# How to calculate the order (parameters) of an FIR filter Optimally

Started by August 11, 2006
```Are you agreed that for a fixed filter's shape means fixed: cutoff
frequency and width of transition band, the order of digital FIR filter
depends upon the sampling frequency?

As in the book scientists and engineers guide to digital signal processing
by Steven W. Smith, he states that a rough estimation of the FIR filter's
order in case of window (Hamming, Black man,...) implementation can be

Filter order = 4 /Normalised width of transition band.

Can you suggest me some more accurate method to estimate the order of FIR
filter depending upon the sampling frequency as long as the shape of
filter is fixed.

Thanks in advance for the tips.

Renaudin

```
```renaudin wrote:
> Are you agreed that for a fixed filter's shape means fixed: cutoff
> frequency and width of transition band, the order of digital FIR filter
> depends upon the sampling frequency?

No, I don't agree with that. True, I am splitting hairs now, but one
is usually given a sampling frequency, then chooses cut-off
requencies etc, and have to find a filter order that makes everything
work.

The difference from what you said is subtle: The way you phrased
your statement might give the impression that one may decide on
a filter order and then choose a sampling frequency. It is the other
way around.

> As in the book scientists and engineers guide to digital signal processing
> by Steven W. Smith, he states that a rough estimation of the FIR filter's
> order in case of window (Hamming, Black man,...) implementation can be
>
> Filter order = 4 /Normalised width of transition band.

Yep, finding the order if FIR filters is not at all an exact science.

> Can you suggest me some more accurate method to estimate the order of FIR
> filter depending upon the sampling frequency as long as the shape of
> filter is fixed.

There were a few papers on some experimental results about how
to estimate filter orders in the Parks-McClellan algorithm. I *think*
Rabiner was one of the authors, but I am not sure. These papers
ought to have been published some time in the early/mid '70s.

Rune

```
```"renaudin" <alsaeed86@gmail.com> wrote in message
news:NbGdnWyK4r7a-UHZnZ2dnUVZ_vednZ2d@giganews.com...
> Are you agreed that for a fixed filter's shape means fixed: cutoff
> frequency and width of transition band, the order of digital FIR filter
> depends upon the sampling frequency?
>
> As in the book scientists and engineers guide to digital signal processing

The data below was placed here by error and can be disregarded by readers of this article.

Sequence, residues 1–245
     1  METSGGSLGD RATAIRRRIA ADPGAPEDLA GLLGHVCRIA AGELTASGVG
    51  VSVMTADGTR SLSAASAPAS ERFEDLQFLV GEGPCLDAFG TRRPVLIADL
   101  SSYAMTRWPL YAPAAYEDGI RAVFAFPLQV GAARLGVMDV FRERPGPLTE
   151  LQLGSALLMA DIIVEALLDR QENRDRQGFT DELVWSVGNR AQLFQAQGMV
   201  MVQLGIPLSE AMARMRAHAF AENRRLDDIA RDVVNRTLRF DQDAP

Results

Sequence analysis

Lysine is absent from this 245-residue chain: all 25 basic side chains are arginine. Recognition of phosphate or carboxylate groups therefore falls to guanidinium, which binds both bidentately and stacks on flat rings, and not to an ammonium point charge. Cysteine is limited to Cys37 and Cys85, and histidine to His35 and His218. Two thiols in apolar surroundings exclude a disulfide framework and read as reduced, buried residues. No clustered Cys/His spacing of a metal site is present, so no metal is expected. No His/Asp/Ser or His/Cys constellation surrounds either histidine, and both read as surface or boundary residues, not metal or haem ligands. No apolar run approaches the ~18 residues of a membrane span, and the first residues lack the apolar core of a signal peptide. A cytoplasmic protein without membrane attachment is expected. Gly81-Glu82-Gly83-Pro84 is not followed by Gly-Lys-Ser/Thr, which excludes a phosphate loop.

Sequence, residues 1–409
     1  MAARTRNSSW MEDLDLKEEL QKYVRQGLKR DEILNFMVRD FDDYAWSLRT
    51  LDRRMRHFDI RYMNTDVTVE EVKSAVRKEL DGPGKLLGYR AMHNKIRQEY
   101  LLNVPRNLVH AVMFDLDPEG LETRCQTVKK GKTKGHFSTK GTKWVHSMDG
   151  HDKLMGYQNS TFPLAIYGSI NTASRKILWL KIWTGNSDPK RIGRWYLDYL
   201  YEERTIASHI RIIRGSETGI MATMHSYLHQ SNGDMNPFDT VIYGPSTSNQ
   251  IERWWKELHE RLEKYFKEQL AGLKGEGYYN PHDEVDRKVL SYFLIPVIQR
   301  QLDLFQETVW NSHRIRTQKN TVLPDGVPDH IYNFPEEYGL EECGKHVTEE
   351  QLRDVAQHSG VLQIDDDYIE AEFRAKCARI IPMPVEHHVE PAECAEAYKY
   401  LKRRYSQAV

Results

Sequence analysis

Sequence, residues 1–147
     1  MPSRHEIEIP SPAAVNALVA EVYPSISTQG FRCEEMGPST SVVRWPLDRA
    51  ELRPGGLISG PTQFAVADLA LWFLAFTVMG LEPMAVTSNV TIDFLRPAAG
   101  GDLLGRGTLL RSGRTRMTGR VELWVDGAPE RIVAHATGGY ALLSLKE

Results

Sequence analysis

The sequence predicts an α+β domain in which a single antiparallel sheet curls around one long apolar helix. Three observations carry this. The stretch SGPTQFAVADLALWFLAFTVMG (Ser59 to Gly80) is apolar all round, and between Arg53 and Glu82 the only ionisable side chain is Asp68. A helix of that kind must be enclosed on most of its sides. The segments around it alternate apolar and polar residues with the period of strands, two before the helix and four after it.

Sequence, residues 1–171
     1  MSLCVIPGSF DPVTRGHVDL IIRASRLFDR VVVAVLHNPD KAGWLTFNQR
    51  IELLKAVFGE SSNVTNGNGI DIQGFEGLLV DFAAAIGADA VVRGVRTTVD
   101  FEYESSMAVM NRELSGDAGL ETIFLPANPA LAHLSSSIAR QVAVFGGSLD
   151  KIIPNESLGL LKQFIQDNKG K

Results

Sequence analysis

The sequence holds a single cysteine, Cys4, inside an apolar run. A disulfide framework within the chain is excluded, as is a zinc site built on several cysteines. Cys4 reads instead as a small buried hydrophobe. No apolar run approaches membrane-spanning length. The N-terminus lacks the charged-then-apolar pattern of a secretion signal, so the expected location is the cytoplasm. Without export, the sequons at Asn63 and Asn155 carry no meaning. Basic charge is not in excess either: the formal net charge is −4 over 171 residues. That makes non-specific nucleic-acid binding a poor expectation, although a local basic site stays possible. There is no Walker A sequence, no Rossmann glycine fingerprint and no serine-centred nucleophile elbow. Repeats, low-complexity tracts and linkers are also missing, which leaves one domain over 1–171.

> by Steven W. Smith, he states that a rough estimation of the FIR filter's
> order in case of window (Hamming, Black man,...) implementation can be
>
> Filter order = 4 /Normalised width of transition band.
>
> Can you suggest me some more accurate method to estimate the order of FIR
> filter depending upon the sampling frequency as long as the shape of
> filter is fixed.
>
> Thanks in advance for the tips.
>
> Renaudin

Mitra's book Handbook for Digital Signal Processing quotes Kaiser with a
simple estimate:

N = [-20*log10(sqrt(dp*ds)) - 13]/[14.6(ws - wp)/2pi]

where dp and ds are the passband ripple peak and stopband ripple peak
values, ws and wp are the stopband and passband edges - which are normalized
to 2pi as you can see (where 2pi==fs).
So, N is a direct function of the ripple peaks and an inverse function of
the normalized transition band width)

If dp and ds are both 0.01 and (ws-wp)/2pi = 0.1 then:

N = [-20*log10(sqrt(10^-4)) -13]/[1.46]
= [-20*-2 -13]/1.46 = 27/1.46 = 18.5 or, rounded up, 19.

The rough rule I usually use is that the reciprocal of the transition band
width is no less than the filter length in time (which is N/fs) .. if one
expresses the transition band width in Hz.

N*(1/FS) = 1/(fs - fp) where FS is the sampling frequency and fs is the stop
band edge.

Note that this is really independent of the sampling rate because it
expresses length in terms of time.  Where the sampling rate comes in is when
it's chosen and directly affects the number of samples in the filter impulse
response.

For the same situation, choosing FS=1kHz, fs=400Hz and fp= 300Hz:

N = FS/(fs - fp) = 1000/(100) = 10

So, it looks like I've been off by a factor of 2 and should say:

N*(1/FS) = 2/(fs - fp)

N = 2*FS/(fs-fp) = 20

Of course, this can be normalized to FS so it's "independent" of FS (tho
not):